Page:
Tim Lawrence, fellow art teacher who started at ORHS the same year she did and is also retiring this year, added on to the impact she’s made on students. “Just being around her makes you a better person. I’ve seen the way kids adore her over the years […] She’s everyone’s mother in the art department. When people are having a bad day, whether you have her in class or not, she’ll sit and chat with you about whatever you need to chat about. Anybody who comes into contact with her she has an impact on. We’ve got students from 25 years ago who miss her like it was yesterday.” 

     However, students are not the only ones Bilynsky has had an impact on. Along the way, she’s taught her colleagues many valuable lessons. Lawrence said, “I’ve learned every lesson from her. She came into this job already having taught for quite a few years. She just had so many skills already, and I went in as a pretty new teacher. So, thank God I had Mrs. B to ask every question.”

     Maria Rosi, fellow art teacher who has been working with Bilynsky for the past 16 years, explained that as a first year teacher, she felt as though she couldn’t spend enough time with her students. Between having to clean up from one activity, potentially move work spaces, and set up for her next class, she was upset at her lack of time to build relationships. Bilynsky saw this and said, “Maria, there’s plenty of time to clean later, but you’ll never get time back with your students.” Reflecting on that piece of advice, Rosi said, “It was such a simple statement, but it reminded me that although I had to live with the mess, the relationships I’d build with my students were much more important than the physical mess of our teaching space.” 

     This story itself shows how valuable developing student connections is for Bilynsky, and Rosi reiterated that. “Over the years I’ve seen the relationships she’s built with her students, and many students have said to me over the years that they think of Mrs. B as a mom. She cares about them like a mother would, and that says it all.”

Many know that Bilynsky is a caring individual, however some may not know just how artistically talented she is. She may be too humble to say this herself, but, “she’s a phenomenal painter, but she doesn’t give herself enough credit. I would show people drawings she did, and they somehow would look at her differently when they saw these drawings. She doesn’t do a lot of drawing in class in front of people, but they don’t know the skills this woman has,” said Lawrence. Bilynsky may not do much art outside of the classroom, but she has recently gotten into quilting, and enjoys crafting. 

     Bilynsky described that she develops her own art as she develops assignments, and works alongside the students, with much of her art beginning as demonstrations. Being able to see her complete her work in real-time is very beneficial to students and their success. “She works really hard, and she completes all of her work to a high level of quality and craftsmanship, and I respect the fact that she models that for everyone around her. So, when her students are producing work of a high caliber, it’s because they’re watching Mrs. B do it,” shared Rosi. 

While she’s left her mark on others and their talents, ORHS has also had an impact on her life. After looking back on her time here, Bilynsky will miss many things. “I’ll definitely miss my colleagues and seeing them every day […] They’ll drop everything if you need help and lots of times you don’t even need to ask them, they just can see you need help. They’re really supportive, creative, and excellent at what they do. I’ve learned a lot from them.”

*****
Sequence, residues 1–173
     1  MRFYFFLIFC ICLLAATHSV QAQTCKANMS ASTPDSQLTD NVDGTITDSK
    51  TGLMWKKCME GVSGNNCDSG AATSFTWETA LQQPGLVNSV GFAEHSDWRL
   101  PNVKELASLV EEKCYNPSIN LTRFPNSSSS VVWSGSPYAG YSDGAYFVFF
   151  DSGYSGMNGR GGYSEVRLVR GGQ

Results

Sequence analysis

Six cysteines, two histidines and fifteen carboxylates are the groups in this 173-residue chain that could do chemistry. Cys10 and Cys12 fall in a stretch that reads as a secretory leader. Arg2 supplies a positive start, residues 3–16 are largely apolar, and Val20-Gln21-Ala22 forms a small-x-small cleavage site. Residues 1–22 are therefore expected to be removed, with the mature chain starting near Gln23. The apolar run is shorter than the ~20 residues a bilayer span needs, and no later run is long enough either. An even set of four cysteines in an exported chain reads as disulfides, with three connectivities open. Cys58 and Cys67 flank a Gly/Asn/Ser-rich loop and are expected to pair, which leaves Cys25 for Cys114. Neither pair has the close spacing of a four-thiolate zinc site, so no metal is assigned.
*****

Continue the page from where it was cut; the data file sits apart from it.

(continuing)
And as much as she’ll miss her colleagues, they will miss her equally as much. “I’ll miss everything about her. We haven’t had an argument in 26 years. Our relationship is like brother and sister, but I argue with my brothers and sisters,” said Lawrence. 

     However, she got into this career largely due to her love for working with kids, and she’ll miss her students greatly. She said, “The kids are great. I’m not talking about just talented students, but the students in general. They really try their hardest. I love when kids are like ‘I just wanna get this class over with, I’m bad at art,’[…] and they end up taking two or three more art classes in high school. It’s fun to turn kids on to their talents and potential in art.” 

     A big thing that sticks out to people when asked about Bilynsky is her kindness for all.  “She’s just the kindest woman on the planet, and she’ll never change,” said Lawrence. 

She will leave big shoes to be filled next year, and Lambiasi summarized that. “She is the best role model to have as a high school student, and creates the most comfortable environment for her classes […] Future ORHS students will surely be missing out when she retires.”

     As far as Bilynsky’s plans in the coming years, she said, “my husband’s already retired, so I plan just kind of doing things around the house. We like hiking, and we hope to travel. My daughter’s in Chicago, and my son’s in France, so hopefully when things open up we can travel. Our favorite thing is before dinner having a bonfire, where we sit and relax by the fire.” 

     It’s clear that Bilynsky has left an impact on so many people in and out of the art room throughout the years, and she’s enjoyed herself while doing it. She said, “it’s just gone really fast. It wouldn’t have gone so fast if I didn’t enjoy it so much.”

Photos by Kaila Lambiasi

Exit mobile version